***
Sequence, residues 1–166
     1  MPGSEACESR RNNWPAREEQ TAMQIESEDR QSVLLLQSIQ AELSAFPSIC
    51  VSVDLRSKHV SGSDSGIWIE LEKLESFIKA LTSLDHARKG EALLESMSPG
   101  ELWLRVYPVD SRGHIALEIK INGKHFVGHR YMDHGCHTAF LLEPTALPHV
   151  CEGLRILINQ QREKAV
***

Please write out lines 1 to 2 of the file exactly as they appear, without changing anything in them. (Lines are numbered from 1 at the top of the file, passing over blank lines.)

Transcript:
Sequence, residues 1–166
     1  MPGSEACESR RNNWPAREEQ TAMQIESEDR QSVLLLQSIQ AELSAFPSIC